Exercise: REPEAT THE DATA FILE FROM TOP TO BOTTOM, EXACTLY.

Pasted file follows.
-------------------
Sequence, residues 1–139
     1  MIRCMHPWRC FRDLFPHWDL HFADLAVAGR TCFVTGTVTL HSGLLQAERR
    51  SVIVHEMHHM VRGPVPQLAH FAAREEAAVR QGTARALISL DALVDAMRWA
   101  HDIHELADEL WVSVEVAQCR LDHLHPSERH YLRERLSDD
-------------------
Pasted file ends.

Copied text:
Sequence, residues 1–139
     1  MIRCMHPWRC FRDLFPHWDL HFADLAVAGR TCFVTGTVTL HSGLLQAERR
    51  SVIVHEMHHM VRGPVPQLAH FAAREEAAVR QGTARALISL DALVDAMRWA
   101  HDIHELADEL WVSVEVAQCR LDHLHPSERH YLRERLSDD